By Amy Nicholson
By LA Weekly critics
By Zachary Pincus-Roth
By Amy Nicholson
By Amy Nicholson
By Amanda Lewis
By Amy Nicholson
By Anthony D'Alessandro
Photo by Jenafer Gillingham
Written by the 26-year-old Richard Kelly when he was fresh out of USC film school three years ago, then directed by him when he was 25, Donnie Darko has nothing going for it by today’s commercial standards. It’s an outsider project by an upstart kid who, following the brazen logic of the uncorrupted, insisted that he direct what he’d written. “I would have never been able to forgive myself if I had sold it and let whatever would have happened to it happen to it,” says Kelly. “I feared that it would have turned into a teen slasher film or a horror film. I think that it’s a delicate piece of work, and it needed to be protected.”
The movie defies easy packaging, mixing romantic teen comedy with biting satire in a 1980s period piece, into which it then injects significant doses of science-fiction fantasy and horror. Think John Hughes with the teeth of perspective or Heathers without the deep cynicism. Complicating matters is the likelihood that some of the first words out of your mouth on leaving the theater may be what happened? “Someone asked, ‘How would you describe this movie or convince friends to go see it?’” says the film’s 20-year-old star, Jake Gyllenhaal. “I would say the mere fact that I don’t know what the hell it’s about is the exact reason why I’d go see it.”
Actually, it’s not that difficult to say why one should see it. Donnie Darko is about digging deep into the mysteries of life, especially those of love, honesty and adolescence at a time when platitudes such as “Just Say No” and “Don’t Worry, Be Happy” were the slogans of policy and culture, not unlike today. To combat such fundamentalist lust, the film sticks a pin in its bleeding young heart and suicides right on screen. It is funny, sad and beautiful. And it’s right on time.
Recently, I sat down with Richard Kelly, who is as unassuming as he is earnest. Be warned that in our talk, we give away some of the film’s secrets.
L.A. WEEKLY: How did a suburban kid from Virginia end up in film school?
RICHARD KELLY: I got a partial scholarship from USC’s School of Fine Arts, and after a couple days of sitting in art-history class, I said, “Forget this.” I didn’t want to look at slides all day. I was always intimidated by the film school, because I assumed you had to have Jack Nicholson write you a recommendation or had to have been doing short films since you were 5, but I was wrong. I applied and got in pretty much right away.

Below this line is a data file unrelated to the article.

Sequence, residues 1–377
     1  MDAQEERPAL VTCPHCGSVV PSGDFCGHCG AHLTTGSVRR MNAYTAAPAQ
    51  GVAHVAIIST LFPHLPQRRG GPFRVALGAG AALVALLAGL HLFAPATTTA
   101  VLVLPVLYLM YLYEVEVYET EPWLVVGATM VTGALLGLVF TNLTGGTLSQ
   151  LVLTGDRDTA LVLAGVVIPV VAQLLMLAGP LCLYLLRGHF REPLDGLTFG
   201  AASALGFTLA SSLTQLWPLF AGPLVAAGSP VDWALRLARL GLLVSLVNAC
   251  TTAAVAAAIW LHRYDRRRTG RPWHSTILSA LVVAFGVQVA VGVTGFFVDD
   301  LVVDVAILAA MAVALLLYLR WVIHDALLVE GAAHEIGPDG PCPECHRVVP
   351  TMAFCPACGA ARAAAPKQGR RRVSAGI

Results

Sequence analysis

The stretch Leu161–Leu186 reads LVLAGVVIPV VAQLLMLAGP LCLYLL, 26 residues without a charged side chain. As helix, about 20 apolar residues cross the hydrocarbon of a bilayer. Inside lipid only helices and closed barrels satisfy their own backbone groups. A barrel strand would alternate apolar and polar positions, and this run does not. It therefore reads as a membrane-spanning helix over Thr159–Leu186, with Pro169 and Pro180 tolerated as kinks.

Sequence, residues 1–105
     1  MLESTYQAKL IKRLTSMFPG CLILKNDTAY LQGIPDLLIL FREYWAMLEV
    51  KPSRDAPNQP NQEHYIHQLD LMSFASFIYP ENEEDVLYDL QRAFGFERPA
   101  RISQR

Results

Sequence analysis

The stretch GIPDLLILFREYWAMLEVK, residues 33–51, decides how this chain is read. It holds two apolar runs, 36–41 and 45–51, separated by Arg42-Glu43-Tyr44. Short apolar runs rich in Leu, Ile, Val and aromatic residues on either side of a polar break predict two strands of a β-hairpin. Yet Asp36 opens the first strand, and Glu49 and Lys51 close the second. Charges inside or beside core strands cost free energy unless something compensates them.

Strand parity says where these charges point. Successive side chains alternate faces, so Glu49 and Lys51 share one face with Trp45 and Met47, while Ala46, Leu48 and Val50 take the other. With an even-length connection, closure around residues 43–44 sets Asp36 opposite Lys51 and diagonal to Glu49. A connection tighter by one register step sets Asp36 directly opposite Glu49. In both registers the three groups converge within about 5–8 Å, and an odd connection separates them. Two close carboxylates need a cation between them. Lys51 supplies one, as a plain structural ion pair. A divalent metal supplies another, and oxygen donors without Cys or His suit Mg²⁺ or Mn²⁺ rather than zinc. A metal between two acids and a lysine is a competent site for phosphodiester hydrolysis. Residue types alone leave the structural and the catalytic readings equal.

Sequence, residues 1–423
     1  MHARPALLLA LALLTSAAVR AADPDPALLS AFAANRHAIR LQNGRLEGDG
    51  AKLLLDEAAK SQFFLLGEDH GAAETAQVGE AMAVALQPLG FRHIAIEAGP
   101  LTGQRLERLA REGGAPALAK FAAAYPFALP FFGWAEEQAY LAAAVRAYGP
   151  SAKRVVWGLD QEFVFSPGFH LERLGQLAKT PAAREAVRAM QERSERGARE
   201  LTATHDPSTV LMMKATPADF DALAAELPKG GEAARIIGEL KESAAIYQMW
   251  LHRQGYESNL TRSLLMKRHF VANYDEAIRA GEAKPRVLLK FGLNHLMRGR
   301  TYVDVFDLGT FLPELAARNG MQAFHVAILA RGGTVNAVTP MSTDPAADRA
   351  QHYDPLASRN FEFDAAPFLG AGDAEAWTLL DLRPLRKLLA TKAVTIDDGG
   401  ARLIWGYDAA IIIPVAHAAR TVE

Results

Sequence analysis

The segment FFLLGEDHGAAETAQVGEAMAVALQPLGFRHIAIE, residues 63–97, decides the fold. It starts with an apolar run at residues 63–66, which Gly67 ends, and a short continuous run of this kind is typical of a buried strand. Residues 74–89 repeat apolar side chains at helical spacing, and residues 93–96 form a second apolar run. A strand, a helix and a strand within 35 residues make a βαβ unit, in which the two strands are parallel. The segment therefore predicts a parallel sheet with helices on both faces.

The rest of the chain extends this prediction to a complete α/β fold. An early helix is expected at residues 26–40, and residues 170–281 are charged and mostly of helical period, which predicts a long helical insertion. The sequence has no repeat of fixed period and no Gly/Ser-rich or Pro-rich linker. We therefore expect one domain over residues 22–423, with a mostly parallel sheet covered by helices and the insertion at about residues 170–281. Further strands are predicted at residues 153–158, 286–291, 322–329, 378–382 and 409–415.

Where did the script come from?
I was living with a bunch of friends in this house in Hermosa Beach serving cappuccinos at a postproduction house four days a week — you know, poor, broke and post-college. Like, now what? So I just locked myself in a room for a month and a half and started writing, and when I was finished, I was, like, whoa . . . okay. I kind of set out to write the most elaborate, complicated, ambitious thing that I knew how to write and then try to get an agent off that. It worked.
What do you mean, it worked?
I didn’t know anyone in this town. I still don’t know anyone, really. My dad’s an engineer and my mom’s a teacher in Virginia, you know? I didn’t have that many contacts from film school. One of the producers, Sean McKittrick, was a frat buddy from UCLA. He was working at New Line after college and said the script was good enough that if we stuck by it, we might luck out and get it made, but that I’d definitely get an agent off it. He sent it to three assistants at three of the big agencies. Assistants at studios know all the assistants at agencies, they’re the gatekeepers. The script was read over a weekend. Monday I got a call, and the next day I was at CAA and they wanted to sign me. It was awesome.
Were you trying to follow the formula and beats of scriptwriting?
Well, I wasn’t aware of, like, Joseph Campbell and the whole mythology of the hero’s journey. I read that [Christopher] Vogler book The Writer’s Journey after I wrote Darkoand thought, “Oh, wow, I have a shape shifter and a mentor figure and a gatekeeper.” I didn’t plan on it. I think I had seen so many movies that in my own way I’d adhered to the Campbell formula, which gave me a little more confidence. I took one screenwriting class in college, and it was kind of a joke. Screenwriting classes can be dangerous. You just need to watch a lot of movies.
The story started with the conceit that this engine falls on this kid’s house, and he doesn’t know where it came from and starts to go crazy. It was inspired by Twelve Monkeys, which is a remake of Chris Marker’s La Jetée. Twelve Monkeys is about a time traveler who returns from a post-apocalyptic future as a younger version of himself and sees his death.
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